The annual list of the worlds most valuable brands have been published, by Interbrand, and this year, the big news is the ascension of Apple to the throne, at the expense of Coca Cola.
However a closer look at this highly instructive chart throws up some more interesting insights.
First, that Coke has dropped two spots, and Google is now the second most valuable brand, after Apple. Neither of these two brands were in the top 10 in this chart before 2008. The visual itself shows the 2 dramatically steep rises for Apple and Google, compared to anything else in this picture. I believe Warren Buffet once said he would not invest in something he did not want his family to use. It is more than likely that Apple and Google pass this test with flying colours.
Second, the dominance of technology in this decade is brought sharply into focus in this chart. There are a number of Automotive, Entertainment and Telecom companies in the mix, but with the exception of Coke, the top half of this is increasingly dominated by technology companies. IBM is definitely more of a technology company than a “business services and diversified” company. GE too has an increasingly technology focus. In fact, in 2013, GE formed a Science and Technology Committee within the board and elected among others, Francisco D’Souza, CEO of Cognizant to the commitee.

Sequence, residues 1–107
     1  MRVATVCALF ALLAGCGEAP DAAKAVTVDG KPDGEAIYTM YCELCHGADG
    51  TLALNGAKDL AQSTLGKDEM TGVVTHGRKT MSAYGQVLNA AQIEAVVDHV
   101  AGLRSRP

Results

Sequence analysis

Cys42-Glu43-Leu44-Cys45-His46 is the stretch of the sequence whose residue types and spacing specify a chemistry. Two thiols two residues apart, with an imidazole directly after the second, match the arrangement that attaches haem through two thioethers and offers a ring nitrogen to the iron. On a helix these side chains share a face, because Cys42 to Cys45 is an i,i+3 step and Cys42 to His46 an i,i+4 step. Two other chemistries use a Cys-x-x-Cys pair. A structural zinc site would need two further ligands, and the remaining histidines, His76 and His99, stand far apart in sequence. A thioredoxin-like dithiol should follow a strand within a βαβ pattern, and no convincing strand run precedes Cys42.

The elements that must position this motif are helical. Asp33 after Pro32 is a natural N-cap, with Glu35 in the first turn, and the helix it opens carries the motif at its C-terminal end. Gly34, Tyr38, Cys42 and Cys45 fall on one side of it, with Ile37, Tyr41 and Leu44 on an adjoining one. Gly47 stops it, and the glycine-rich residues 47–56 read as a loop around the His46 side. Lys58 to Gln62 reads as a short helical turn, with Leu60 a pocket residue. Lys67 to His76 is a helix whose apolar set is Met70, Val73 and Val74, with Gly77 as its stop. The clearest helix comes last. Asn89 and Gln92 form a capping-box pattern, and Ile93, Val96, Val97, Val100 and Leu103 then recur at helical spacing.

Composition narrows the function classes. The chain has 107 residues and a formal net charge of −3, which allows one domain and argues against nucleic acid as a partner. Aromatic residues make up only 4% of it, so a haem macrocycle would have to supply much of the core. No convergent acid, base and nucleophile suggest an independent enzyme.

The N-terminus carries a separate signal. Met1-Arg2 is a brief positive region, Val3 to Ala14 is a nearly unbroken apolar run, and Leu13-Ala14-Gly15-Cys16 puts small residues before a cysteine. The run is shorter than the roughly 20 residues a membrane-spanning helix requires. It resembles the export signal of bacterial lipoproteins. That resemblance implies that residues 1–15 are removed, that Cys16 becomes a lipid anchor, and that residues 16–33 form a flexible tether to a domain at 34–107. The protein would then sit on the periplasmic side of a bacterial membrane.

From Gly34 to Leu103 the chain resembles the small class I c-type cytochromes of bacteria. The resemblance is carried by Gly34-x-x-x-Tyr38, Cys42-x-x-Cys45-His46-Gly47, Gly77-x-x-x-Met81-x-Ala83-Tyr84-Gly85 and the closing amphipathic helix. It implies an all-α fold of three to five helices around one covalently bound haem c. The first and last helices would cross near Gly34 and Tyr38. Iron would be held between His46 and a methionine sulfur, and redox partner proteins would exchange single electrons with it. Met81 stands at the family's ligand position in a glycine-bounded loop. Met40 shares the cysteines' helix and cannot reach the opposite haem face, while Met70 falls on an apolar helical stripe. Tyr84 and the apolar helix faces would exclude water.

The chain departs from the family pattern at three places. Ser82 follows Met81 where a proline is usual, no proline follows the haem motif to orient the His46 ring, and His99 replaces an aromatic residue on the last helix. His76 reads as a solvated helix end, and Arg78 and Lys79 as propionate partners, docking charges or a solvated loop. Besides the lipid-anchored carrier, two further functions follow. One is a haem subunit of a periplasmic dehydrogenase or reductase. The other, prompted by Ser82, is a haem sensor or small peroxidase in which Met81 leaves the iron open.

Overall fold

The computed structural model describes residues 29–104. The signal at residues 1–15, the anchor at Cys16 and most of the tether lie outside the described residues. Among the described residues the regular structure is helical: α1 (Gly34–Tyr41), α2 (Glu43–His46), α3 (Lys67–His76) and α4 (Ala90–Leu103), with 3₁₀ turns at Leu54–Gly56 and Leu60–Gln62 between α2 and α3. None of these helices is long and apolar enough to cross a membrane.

Third and most tellingly, a closer look at the top 10 brands of 2013 suggests that 6 out of the 10 companies have a strong link to mobile technologies. Apple, Google and Samsung define the mobile industry today. IBM’s advertisements such as this highlight the focus on mobile technologies. Microsoft’s recent $7.2 billion acquisition of Nokia and it’s Windows 8 strategy leave no doubt about it’s intentions. (Remember, the PC market is shrinking at over 10% year on year). And Intel too, is seeking to escape the downward gravitational pull of the PC market. The new CEO, Krzanich has already announced the focus will be on mobile and wearable chips.
Even for the other four companies, Mobile is increasingly at the heart of their strategies. Coke feels that mobile is the closest they can get to their customer, calling it “between reach and desire”. McDonalds is experimenting with mobile payments at some outlets. Toyota, like many other major organisations have rolled out BYOD systems and led large scale mobile marketing initiatives. In fact you could argue that the likelihood that these companies will stay in this top 10 list in future may well be linked closely to their proficiency in the mobile space.